The Northwest Territories is considering whether to end seasonal time changes after a survey suggested there's interest in the move.
More than 87 per cent of 3,545 respondents said they are in favour of adopting a permanent time standard in the territory.
Of those, more than half said they preferred mountain daylight time. That would mean the territory would not turn its clocks back an hour to mountain standard time on the first Sunday in November.
Many in favour of that option said they want more sunlight hours during the day. Some also highlighted that extra sunlight in the evening would be beneficial for trapping, snowshoeing and after-school sports.
Several others said they would like to see an end to time changes regardless of which permanent time standard is chosen.
Some people, however, shared concerns about the territory having a different time standard than Alberta and how that could affect emergency management and flights.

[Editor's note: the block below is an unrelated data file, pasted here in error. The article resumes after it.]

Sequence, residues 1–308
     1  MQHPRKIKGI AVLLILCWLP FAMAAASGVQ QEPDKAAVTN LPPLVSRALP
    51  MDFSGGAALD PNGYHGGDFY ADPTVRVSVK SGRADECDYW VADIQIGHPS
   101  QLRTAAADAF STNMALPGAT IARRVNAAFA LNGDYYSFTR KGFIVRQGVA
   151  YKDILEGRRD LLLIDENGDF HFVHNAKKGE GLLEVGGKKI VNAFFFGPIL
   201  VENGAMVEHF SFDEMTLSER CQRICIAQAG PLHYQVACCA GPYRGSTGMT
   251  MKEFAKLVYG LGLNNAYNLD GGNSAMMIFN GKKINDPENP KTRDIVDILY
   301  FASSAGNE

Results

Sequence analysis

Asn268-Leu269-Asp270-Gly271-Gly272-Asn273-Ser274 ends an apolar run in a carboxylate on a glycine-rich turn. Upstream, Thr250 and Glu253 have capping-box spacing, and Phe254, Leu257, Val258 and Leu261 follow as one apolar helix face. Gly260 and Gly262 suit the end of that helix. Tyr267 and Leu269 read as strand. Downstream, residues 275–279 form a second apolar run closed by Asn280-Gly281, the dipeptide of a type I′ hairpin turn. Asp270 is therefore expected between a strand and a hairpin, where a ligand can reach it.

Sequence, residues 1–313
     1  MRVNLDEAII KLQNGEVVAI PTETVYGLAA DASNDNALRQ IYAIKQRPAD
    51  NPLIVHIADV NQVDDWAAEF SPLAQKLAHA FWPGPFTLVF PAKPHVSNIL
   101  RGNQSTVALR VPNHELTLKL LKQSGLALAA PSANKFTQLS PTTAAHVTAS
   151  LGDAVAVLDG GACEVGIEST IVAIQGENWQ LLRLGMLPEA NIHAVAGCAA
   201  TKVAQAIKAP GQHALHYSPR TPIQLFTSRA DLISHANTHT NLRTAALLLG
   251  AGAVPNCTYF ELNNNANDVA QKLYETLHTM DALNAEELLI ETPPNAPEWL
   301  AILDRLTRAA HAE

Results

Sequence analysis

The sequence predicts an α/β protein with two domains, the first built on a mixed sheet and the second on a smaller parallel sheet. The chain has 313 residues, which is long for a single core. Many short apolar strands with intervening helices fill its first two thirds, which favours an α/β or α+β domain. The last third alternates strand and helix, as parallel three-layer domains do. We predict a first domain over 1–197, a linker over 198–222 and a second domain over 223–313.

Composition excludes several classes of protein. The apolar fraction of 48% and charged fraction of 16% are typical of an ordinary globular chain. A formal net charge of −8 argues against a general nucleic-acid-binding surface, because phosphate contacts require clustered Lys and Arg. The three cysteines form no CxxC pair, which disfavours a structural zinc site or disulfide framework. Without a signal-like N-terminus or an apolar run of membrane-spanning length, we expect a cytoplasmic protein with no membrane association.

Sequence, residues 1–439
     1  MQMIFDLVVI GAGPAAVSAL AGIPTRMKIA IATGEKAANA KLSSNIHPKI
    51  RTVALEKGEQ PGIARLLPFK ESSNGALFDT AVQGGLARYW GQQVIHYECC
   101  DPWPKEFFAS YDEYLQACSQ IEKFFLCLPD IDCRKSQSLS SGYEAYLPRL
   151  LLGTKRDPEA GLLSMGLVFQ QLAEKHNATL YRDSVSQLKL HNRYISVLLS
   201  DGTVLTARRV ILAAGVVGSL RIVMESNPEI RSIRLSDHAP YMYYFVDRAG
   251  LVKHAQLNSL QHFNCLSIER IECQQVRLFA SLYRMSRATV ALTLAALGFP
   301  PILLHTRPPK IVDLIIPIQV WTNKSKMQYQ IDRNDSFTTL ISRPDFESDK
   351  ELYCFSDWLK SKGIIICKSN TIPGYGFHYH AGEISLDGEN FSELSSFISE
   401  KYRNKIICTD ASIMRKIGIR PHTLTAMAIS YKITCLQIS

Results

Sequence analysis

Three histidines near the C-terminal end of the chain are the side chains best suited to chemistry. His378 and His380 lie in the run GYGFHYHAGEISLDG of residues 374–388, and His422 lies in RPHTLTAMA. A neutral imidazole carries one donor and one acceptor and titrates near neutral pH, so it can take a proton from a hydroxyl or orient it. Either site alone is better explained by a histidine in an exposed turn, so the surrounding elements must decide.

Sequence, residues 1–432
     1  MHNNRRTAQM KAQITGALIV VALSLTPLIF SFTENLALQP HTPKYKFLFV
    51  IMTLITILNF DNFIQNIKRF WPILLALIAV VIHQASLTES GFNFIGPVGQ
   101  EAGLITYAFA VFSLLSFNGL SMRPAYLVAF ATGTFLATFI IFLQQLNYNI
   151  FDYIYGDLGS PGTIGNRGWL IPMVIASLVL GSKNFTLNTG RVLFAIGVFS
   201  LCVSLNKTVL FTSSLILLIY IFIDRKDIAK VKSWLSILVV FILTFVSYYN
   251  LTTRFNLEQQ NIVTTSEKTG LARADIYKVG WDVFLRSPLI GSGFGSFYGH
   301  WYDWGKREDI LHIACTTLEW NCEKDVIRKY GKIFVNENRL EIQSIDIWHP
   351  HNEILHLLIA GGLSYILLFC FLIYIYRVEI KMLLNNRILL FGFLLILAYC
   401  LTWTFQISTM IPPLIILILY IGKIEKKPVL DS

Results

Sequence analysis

The territory says the time-change survey has had the greatest number of people weighing in, followed by a 2017 survey on cannabis legalization that garnered roughly 1,100 responses.
"The response to the engagement on seasonal time change speaks to the importance of this issue for N.W.T. residents," Justice Minister R.J. Simpson said in a statement.
The Northwest Territories government says the results will help inform the executive council's decision, but nothing would happen immediately if it decided to move to a permanent time.
It said that would require a "lengthy and complex process," including an implementation plan, significant transition period and software updates.
The territory is currently in the mountain time zone along with Alberta, parts of British Columbia and the Kitikmeot region of Nunavut.
Yukon, Saskatchewan and parts of Nunavut and Quebec have ended seasonal time changes.
Voters in Alberta rejected a move to a permanent time standard in a 2021 referendum.